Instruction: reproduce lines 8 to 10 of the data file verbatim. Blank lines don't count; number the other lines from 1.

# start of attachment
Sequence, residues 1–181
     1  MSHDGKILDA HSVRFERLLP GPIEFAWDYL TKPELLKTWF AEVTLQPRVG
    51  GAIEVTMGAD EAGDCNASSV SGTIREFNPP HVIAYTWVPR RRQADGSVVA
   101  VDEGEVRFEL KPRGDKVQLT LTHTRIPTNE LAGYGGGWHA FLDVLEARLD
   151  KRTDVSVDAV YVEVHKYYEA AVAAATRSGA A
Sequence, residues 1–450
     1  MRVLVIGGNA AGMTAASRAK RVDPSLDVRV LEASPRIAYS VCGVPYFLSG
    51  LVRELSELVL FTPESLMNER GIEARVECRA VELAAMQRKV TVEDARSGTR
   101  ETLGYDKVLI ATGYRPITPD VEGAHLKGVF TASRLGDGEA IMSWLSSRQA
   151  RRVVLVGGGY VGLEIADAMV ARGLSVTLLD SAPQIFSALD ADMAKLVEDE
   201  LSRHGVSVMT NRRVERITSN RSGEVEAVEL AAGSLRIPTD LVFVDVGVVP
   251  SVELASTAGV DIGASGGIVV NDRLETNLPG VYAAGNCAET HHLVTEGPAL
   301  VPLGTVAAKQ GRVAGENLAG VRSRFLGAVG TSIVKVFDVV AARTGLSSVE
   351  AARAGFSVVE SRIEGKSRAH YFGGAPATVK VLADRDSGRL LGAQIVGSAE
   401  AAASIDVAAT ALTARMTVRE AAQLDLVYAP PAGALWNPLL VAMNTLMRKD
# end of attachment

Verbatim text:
    51  LVRELSELVL FTPESLMNER GIEARVECRA VELAAMQRKV TVEDARSGTR
   101  ETLGYDKVLI ATGYRPITPD VEGAHLKGVF TASRLGDGEA IMSWLSSRQA
   151  RRVVLVGGGY VGLEIADAMV ARGLSVTLLD SAPQIFSALD ADMAKLVEDE